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Peace Delegation Unites Arabs with Non-Arab Community

by david parker

Peace Delegation Unites Arabs with Non-Arab Community

When it comes to spreading awareness and making change, protesting in the streets can alienate people. “We wanted to use a different approach,” explained Steve Law, an organizer of the Delegation for Peace for Palestine.

On February 26, organizers of the Peace Delegation wanted to recognize the injustice and the current humanitarian crisis in Palestine, and also break the silence, forge new relationships, and raise awareness. “We want to offer a visual representation to the Arabic community that non-Arabs are concerned with Gaza and with Palestine,” said Law.

Groups from the non-Arab community, such as the Tatamagouche Centre, the Halifax Peace Coalition, and Heartwood Community Youth Engagement, partnered in the creation of the event with Arabic community groups such as the Palestine Solidarity Society, the Canada Palestine Association, the Muslim Student Association, and radio hosts of Salaam Halifax on CKDU 88.1fm.

Dr. Hadi Salah, the principal of the Maritime Muslim Academy, addressed the crowd at the event. “I arrived in Nova Scotia in 1982. Back then we were a dozen families, connecting with our roots, and there was no sympathy in the broader community. For a long time, Arabs gathered to discuss issues that mattered to us, such as peace. Now there are over 20,000 immigrants in Halifax. More than ever, it is important that all Nova Scotians discuss the issues that are so important for Arabic immigrants.”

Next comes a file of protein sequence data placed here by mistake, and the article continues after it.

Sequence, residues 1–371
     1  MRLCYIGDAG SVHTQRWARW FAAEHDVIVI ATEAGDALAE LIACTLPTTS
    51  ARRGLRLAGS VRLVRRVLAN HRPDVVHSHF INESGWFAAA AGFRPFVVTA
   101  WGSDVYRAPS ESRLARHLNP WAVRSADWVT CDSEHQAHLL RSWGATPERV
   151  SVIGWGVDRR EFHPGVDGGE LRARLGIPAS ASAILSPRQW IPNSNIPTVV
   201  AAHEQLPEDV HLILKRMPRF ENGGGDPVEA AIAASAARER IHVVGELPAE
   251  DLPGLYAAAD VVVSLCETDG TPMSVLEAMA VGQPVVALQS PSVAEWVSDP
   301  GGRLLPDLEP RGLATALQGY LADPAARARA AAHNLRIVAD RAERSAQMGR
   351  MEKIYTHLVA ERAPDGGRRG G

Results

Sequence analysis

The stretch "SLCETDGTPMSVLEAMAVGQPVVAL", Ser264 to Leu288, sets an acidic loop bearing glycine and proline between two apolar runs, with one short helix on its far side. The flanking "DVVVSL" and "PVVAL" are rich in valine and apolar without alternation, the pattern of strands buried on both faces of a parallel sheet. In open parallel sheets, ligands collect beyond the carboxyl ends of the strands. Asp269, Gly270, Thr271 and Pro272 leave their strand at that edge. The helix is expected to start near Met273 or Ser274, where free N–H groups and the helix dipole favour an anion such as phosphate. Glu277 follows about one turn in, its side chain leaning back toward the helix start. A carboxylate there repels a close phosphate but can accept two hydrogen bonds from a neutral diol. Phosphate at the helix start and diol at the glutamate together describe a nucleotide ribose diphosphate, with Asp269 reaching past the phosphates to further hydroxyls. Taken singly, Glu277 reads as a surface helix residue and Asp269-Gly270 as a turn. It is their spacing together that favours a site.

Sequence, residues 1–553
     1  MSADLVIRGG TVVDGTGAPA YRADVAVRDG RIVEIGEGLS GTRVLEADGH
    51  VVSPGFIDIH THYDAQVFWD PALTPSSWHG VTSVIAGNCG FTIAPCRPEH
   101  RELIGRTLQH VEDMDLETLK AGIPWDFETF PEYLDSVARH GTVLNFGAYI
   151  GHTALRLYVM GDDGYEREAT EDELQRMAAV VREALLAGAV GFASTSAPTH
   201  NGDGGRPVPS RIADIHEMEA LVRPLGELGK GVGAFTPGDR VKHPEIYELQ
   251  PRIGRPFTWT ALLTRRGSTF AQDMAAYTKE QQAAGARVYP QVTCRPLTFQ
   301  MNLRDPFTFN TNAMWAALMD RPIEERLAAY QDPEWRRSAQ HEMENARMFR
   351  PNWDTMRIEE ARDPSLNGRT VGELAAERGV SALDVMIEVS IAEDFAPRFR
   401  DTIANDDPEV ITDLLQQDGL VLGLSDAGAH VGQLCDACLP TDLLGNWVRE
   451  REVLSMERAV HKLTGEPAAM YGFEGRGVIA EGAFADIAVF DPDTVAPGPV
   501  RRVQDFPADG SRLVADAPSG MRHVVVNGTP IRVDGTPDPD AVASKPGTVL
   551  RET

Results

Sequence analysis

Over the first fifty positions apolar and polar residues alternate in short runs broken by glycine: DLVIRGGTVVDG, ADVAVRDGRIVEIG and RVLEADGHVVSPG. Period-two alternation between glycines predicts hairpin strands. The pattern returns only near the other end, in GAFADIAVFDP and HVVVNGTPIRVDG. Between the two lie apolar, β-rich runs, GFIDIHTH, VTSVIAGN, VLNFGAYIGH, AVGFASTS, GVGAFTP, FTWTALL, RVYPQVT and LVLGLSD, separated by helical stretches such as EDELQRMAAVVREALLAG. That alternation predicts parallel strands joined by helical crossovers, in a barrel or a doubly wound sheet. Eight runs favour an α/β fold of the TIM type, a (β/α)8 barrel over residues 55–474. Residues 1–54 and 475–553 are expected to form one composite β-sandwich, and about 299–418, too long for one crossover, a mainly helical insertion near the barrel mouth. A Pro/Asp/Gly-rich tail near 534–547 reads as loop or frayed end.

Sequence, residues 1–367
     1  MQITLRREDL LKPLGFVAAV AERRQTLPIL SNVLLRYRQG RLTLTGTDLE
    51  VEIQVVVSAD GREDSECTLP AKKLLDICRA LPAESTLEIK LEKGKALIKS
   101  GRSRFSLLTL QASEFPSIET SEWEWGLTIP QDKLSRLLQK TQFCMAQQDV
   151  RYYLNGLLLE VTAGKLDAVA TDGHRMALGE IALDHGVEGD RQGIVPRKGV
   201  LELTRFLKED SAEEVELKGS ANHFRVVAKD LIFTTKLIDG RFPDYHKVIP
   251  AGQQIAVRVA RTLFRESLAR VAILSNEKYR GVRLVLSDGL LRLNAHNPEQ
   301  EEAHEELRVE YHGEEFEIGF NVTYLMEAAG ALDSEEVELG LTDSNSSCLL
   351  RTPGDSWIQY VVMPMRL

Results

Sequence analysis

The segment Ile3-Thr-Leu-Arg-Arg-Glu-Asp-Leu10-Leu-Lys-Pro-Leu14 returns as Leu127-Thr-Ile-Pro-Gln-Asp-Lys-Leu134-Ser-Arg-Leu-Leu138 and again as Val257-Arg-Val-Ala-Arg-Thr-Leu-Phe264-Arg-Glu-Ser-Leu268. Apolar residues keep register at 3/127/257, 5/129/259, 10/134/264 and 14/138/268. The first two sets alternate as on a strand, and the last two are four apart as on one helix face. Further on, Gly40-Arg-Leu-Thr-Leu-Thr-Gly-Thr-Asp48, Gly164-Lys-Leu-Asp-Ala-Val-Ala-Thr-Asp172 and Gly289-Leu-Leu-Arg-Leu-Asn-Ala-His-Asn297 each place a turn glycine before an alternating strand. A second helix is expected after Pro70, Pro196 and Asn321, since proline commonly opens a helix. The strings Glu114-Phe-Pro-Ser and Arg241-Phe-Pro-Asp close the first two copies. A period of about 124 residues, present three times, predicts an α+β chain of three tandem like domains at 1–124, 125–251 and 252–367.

The informality of the event was important for Mohammed Gharbiya, a member of the Palestine Solidarity Society. “While eating here over dinner, anyone can add their own ideas. Before tonight, I had never heard of most of these groups. Now we can organize together.”

Khalid Abdelwahed took to the microphone and read a poem by his cousin living in Gaza, Hussam Abu Ramadan. The words struck a chord in the audience: “What a terrifying scene it is when you find the charred bodies of a family, consisting of a father, a mother, and their six children, piled on top of each other, not being able to differentiate between their limbs.”

Despite the grave quality of the content, guests were treated to a feast provided by members of the Arab community.

After the meal, Fatima al-Shath, a Palestinian-Canadian and mother, shared her family's story to a hushed and respectful crowd. “It's really shameful that Canada doesn't condemn Israeli aggression,” she said. “We need to show that most Canadians are against these atrocities.”

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